I like to watch you use your hands: playing the piano or the flute, drawing, painting, and creating hairstyles for yourself or your friends. You are really quite creative and very good with your hands. You use your hands to not only create, but to help and comfort.

I believe you will do great things with your hands.

Charcoal sketch from photograph. “Mom and Me” by Anna M. Grote 2005

Now I know — a story of mothers, daughters, caregiving, and Alzheimer’s

When I was told Mark couldn’t be left alone for two weeks following his bi-lateral knee surgery, I started planning ahead, making sure I had a good grocery list, trying to foresee anything we might need—at least enough to last until the next time my daughter came or I could get my son to come home, or Mark had an hour of therapy.

I thought about my mom and how, since she’s been a full-time caregiver for my father with Alzheimer’s, she’s had to plan ahead in detail. She can’t leave Dad alone to dart out and get what she runs out of on the spur of the minute. Mom relies on my sister who brings her supplies from Sam’s Club, and periodically calls her whenever she is out shopping.  She relies on me to get those unusual and expected things like salt for her driveway or a new doorbell when the old one broke. And she knows she can always ask either of her two home health aides in a pinch, but that only works on weekdays as Mom goes it alone on the weekend. So Mom plans ahead.

I guess you might say this brief period of caring for Mark has given me a better understanding of what my mom is experiencing.

In the early days of Mark’s care when he was still in the hospital, and his first days at home, my back and arthritic knees and hips screamed out in pain every time I had to lift the CPM machine, or lift Mark’s leg into it. Every time I had to lean over the bed to pull on his therapeutic hose and it was difficult and painful, I thought of my mom and all the physical pain she endures when she has to do all the things she has to do for Dad.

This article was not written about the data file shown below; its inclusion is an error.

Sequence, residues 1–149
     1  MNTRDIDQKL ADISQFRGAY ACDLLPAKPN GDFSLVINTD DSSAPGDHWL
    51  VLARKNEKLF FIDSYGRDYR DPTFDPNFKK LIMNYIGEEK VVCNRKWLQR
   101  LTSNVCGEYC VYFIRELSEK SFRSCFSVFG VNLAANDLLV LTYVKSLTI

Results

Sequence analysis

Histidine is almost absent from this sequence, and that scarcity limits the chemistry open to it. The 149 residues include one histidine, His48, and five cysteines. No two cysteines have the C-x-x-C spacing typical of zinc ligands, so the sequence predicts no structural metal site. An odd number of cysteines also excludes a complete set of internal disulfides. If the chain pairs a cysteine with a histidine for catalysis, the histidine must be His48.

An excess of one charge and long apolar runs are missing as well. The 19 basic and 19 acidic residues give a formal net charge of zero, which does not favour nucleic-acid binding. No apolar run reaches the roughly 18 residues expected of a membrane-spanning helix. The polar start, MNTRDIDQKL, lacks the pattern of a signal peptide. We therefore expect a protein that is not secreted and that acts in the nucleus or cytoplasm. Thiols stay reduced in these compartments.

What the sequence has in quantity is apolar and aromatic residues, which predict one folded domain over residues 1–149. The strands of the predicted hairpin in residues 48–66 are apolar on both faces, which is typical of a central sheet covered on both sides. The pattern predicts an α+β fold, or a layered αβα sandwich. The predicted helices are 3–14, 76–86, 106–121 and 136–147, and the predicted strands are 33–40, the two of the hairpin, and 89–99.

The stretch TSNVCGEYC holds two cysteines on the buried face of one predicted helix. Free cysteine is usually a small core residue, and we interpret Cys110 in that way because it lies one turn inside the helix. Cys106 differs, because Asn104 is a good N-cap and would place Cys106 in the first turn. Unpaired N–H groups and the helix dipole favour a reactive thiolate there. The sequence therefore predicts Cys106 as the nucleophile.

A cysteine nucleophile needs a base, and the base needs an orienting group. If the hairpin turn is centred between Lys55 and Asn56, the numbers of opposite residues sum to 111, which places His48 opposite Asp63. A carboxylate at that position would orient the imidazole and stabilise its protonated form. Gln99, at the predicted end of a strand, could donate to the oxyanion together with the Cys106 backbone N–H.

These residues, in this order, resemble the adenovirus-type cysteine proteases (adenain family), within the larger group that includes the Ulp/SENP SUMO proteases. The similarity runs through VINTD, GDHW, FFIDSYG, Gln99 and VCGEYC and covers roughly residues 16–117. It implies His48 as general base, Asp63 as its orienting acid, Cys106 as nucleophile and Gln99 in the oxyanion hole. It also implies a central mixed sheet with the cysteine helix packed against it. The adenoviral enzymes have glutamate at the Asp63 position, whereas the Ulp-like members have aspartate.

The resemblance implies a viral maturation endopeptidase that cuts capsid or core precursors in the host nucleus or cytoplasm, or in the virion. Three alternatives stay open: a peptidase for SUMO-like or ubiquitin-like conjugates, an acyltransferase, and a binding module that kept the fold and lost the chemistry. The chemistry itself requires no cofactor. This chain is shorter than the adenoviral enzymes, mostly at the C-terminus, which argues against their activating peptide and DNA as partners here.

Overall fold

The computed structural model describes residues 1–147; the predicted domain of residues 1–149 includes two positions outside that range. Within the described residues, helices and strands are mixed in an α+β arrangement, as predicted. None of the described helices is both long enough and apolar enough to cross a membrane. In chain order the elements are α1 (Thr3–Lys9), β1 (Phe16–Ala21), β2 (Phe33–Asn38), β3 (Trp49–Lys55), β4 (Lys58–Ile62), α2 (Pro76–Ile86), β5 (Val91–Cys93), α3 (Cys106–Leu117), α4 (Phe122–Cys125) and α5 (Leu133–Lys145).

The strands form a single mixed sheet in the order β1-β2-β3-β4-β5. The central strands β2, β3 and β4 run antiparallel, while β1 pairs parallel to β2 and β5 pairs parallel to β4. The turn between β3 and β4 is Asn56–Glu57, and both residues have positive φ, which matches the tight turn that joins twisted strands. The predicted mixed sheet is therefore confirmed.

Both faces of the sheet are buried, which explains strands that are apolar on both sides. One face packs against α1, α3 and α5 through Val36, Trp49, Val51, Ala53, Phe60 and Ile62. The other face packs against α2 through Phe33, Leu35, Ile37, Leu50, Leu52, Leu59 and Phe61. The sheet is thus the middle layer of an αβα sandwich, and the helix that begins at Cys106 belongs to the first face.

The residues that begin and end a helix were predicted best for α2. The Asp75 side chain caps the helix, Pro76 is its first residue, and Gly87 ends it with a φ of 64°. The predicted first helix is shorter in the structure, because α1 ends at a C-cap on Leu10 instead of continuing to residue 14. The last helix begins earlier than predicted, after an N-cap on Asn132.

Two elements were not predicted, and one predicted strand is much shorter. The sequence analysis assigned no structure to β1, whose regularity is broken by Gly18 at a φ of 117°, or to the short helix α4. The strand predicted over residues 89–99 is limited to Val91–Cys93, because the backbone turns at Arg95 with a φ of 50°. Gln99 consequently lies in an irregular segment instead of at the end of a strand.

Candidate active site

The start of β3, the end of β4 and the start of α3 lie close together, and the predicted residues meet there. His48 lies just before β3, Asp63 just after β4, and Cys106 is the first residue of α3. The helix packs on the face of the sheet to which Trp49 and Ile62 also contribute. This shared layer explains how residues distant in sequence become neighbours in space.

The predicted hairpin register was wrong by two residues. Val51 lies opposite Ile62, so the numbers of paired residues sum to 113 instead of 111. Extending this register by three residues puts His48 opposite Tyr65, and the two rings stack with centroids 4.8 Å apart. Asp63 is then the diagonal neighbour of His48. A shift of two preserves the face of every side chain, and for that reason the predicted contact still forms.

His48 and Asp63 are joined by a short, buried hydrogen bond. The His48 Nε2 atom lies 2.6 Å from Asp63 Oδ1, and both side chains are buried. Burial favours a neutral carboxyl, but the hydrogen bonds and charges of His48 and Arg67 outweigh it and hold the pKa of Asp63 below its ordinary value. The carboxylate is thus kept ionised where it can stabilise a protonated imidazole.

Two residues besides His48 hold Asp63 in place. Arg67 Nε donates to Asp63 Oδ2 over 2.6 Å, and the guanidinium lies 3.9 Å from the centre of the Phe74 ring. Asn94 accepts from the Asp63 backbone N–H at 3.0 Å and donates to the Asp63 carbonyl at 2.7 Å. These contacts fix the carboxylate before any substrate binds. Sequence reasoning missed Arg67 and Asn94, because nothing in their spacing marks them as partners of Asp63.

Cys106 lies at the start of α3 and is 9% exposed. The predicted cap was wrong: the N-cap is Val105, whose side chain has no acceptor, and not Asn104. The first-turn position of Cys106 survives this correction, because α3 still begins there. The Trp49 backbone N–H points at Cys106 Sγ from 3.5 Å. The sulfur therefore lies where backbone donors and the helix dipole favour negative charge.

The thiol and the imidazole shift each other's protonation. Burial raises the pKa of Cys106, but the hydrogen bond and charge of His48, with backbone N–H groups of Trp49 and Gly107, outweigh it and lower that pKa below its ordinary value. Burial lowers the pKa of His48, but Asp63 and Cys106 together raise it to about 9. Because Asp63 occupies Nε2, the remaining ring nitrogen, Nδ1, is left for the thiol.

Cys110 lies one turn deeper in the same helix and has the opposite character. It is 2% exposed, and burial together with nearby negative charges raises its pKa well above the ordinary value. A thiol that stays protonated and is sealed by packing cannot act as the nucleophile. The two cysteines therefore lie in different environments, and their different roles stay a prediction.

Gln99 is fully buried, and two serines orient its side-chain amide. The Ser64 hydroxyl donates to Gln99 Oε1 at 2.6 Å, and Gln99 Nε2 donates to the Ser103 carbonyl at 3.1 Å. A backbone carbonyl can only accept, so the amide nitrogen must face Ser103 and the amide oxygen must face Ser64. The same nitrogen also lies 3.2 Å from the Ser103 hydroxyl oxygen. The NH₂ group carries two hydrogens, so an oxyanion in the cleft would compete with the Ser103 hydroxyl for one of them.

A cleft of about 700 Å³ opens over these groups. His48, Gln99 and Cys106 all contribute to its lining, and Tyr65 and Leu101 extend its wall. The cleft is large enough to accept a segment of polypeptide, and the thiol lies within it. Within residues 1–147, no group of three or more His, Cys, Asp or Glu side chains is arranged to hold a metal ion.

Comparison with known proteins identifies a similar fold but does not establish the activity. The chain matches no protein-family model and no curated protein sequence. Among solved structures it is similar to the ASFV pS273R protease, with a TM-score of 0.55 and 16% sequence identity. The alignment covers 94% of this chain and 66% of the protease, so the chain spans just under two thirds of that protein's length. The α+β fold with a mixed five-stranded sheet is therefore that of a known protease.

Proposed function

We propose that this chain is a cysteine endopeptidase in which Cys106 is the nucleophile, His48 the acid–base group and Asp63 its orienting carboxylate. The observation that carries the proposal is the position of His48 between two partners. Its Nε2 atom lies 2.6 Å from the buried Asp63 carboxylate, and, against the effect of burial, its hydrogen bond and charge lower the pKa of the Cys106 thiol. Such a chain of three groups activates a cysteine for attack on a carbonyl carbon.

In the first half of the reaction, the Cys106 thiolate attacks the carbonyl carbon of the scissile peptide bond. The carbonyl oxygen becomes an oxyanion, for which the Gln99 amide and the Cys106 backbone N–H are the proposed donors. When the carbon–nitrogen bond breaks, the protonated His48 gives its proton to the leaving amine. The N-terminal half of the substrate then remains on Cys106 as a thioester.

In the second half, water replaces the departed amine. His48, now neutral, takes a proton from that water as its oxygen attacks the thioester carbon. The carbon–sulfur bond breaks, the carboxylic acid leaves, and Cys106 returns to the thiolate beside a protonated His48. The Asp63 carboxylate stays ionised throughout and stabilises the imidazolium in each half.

You might say in this brief period of caring for Mark that I felt solidarity with my mom and the challenges she faces.

At first when Mark was recovering from the trauma of the surgery and the influence of the medicines and he had no room to be concerned about anything but his own recovery, and he wasn’t able to stay awake for more than an hour at a time, and all the decisions and responsibilities for him, and us, rested on my shoulders, I thought of Mom.

Mom used to complain, “Your dad doesn’t care about me. He doesn’t care about how hard this is on me.”

And she might have been right. Dad might have been past the point of caring about more than himself as he struggled to survive in an Alzheimer’s world full of disability, confusion, and disorientation.

I knew how insignificance felt for one or two or a small handful of days. Only.

On Sunday when Mark had only been home from the hospital three days and I was still doing a lot of the care for him, I went into our great room for a moment. Anna, who had come home for the weekend to help, was curled up on the loveseat, covered with a soft throw, using her iPad with Arthur snuggled at her side.  The early morning light was streaking in from the windows high up on the wall near the peak of the cathedral ceiling. I could see the sycamores I love in the tree line beyond.

I wanted a moment of normalcy. I wanted to talk about, to think about, anything besides CPM machines, ice coolers, walkers, medicine or shots.

I sat down on the sofa and asked, “How is your job going, Anna?”

As she started to explain what was happening and how she was feeling about things, I thought of my mom. I thought of all the days I’ve gone to Dayton and sat at her kitchen table with her, eating lunch and talking while my Dad napped in the bedroom. I thought about all the simple conversations we’ve had about anything but walkers and lift chairs and hospital beds.

I know my situation is short term, and has already much improved. I know my mom’s situation has an uncertainty about it that I haven’t experienced. What will happen next? Will I be able to manage? Will I be able to keep him here? How long? I don’t have those questions.

I know there are many differences in our situations. They are not the same.

I also know that when I am free to go, I will visit my mom again, bring her lunch, and sit at her kitchen table talking about anything but . . .

Now I know how important that is.